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Hot flashes in 11-year-old girl linked to herbal medicine

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An 11-year old girl in Italy experienced hot flashes after taking a commonly used herbal medicine, according to a new report.

The herb, called saw palmetto or Serenoa repens, is most commonly used to treat symptoms of an enlarged prostate in adult men, but has also been used to treat baldness.

The girl had been taking daily doses of an oral supplement containing saw palmetto to treat a condition called telogen effluvium, a common cause of hair loss in children.

During the second month of treatment, the girl experienced hot flashes several times a day for many days, according to the researchers at the University of Messina in Italy who evaluated her case. Because of her symptoms, the girl stopped taking the supplement, and her hot flashes went away.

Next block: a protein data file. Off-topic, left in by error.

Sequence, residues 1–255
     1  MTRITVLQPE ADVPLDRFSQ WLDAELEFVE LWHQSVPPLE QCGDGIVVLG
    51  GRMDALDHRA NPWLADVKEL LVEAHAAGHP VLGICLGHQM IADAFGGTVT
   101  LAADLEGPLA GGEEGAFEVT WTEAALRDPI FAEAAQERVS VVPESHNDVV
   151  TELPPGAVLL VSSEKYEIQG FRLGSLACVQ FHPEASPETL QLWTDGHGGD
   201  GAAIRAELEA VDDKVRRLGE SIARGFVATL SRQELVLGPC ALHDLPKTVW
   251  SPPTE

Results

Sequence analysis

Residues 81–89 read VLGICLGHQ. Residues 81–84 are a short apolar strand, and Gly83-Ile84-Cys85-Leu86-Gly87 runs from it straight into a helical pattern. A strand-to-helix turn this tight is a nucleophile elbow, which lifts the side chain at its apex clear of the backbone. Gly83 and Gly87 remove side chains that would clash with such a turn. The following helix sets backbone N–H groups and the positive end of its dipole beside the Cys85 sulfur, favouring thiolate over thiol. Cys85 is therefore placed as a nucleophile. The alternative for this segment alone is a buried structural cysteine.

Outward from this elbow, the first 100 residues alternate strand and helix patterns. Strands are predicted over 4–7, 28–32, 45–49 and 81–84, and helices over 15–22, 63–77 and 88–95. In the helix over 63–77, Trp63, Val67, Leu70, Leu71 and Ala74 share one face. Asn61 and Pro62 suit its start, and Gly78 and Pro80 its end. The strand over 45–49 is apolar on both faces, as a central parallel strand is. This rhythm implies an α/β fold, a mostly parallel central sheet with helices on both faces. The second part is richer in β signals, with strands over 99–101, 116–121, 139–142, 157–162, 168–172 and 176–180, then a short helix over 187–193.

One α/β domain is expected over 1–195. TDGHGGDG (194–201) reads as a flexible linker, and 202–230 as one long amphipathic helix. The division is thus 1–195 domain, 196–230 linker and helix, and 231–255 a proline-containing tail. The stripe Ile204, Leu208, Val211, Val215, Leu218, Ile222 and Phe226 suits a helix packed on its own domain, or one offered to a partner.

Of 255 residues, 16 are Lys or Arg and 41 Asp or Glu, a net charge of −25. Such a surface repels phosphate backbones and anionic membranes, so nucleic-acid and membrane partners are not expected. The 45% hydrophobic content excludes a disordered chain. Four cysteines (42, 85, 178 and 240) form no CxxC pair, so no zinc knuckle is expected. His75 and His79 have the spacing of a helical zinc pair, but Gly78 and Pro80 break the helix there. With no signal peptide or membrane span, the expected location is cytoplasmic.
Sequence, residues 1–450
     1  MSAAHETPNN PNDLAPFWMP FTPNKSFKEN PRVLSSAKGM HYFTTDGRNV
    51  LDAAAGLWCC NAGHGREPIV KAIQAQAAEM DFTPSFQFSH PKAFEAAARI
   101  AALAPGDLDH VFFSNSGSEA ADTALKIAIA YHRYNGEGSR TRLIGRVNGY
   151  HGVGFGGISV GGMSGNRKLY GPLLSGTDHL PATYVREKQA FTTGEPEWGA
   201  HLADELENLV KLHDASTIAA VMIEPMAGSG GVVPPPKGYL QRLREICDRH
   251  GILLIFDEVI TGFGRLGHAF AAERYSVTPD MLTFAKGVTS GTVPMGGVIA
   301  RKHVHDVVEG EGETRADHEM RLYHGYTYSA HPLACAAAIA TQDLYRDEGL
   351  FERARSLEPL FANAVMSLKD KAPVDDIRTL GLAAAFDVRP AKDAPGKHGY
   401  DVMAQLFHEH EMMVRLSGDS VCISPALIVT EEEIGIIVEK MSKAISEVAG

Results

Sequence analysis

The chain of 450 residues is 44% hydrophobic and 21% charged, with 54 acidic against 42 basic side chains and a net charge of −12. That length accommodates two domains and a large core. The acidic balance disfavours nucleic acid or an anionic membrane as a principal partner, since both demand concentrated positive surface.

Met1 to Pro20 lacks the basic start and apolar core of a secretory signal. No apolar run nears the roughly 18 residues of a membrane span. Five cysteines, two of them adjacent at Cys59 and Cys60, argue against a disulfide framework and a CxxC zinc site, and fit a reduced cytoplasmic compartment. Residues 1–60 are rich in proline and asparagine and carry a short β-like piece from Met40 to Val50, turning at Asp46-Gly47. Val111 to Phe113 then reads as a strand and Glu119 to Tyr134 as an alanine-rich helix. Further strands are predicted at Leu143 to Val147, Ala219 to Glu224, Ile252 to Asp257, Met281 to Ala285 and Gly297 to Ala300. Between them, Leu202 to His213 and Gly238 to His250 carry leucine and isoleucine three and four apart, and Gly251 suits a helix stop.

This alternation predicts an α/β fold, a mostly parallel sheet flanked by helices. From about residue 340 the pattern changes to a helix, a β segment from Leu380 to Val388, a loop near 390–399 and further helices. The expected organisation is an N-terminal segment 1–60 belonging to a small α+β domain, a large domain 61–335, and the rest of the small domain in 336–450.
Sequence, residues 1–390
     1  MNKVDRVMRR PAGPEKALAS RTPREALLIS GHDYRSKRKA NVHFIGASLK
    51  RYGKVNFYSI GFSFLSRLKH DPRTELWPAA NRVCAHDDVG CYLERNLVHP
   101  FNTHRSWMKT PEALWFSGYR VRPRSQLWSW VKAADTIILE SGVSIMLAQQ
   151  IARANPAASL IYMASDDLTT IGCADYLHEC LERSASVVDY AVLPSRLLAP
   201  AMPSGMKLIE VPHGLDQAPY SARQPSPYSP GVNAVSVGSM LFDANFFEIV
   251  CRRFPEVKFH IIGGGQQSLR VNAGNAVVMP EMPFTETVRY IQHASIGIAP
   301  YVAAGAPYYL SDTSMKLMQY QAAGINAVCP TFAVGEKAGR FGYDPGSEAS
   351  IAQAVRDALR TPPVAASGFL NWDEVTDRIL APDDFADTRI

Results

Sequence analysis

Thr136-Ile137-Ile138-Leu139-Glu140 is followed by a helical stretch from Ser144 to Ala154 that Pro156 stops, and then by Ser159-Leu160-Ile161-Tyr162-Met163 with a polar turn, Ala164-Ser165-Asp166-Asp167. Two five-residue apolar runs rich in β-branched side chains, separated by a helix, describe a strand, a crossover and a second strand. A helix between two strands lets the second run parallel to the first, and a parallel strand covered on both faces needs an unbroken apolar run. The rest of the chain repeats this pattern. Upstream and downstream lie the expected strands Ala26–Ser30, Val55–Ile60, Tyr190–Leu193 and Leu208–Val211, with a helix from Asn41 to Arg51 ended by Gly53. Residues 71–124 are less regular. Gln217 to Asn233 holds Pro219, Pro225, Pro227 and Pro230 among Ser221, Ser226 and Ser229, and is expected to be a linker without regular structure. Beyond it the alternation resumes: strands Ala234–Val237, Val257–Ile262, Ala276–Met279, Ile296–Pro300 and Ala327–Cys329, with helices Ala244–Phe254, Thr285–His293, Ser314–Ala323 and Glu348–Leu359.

Shortly afterward, the girl had her first period. Her periods were abnormal, with heavy bleeding that lasted 15 days, the researchers said. These abnormal periods continued for about a year.

Saw palmetto is known to decrease estrogen levels in the body, and so a relationship between the herb’s use and hot flashes is plausible, the researchers said.

The supplement is generally thought to be safe, and when people do experience side effects, the symptoms are usually mild.

However, most studies on the herb's safety have been conducted in adult men, the researchers said. Little information exists concerning side effects in women or children.

The researchers said they can’t say for certain that the young girl's hot flashes were indeed caused by taking saw palmetto. However, she was not taking any other medications, did not have any known hormonal disorders, and her symptoms stopped when the supplement was discontinued — all signs that point to the herb as the culprit, they said.

The researchers called for more research into the herb's effects on young people. Although generally used by adult men, saw palmetto is available in health food stores, the researchers said, so anyone can buy and use it.

The report is published Oct. 1 in the journal Pediatrics.

 

 

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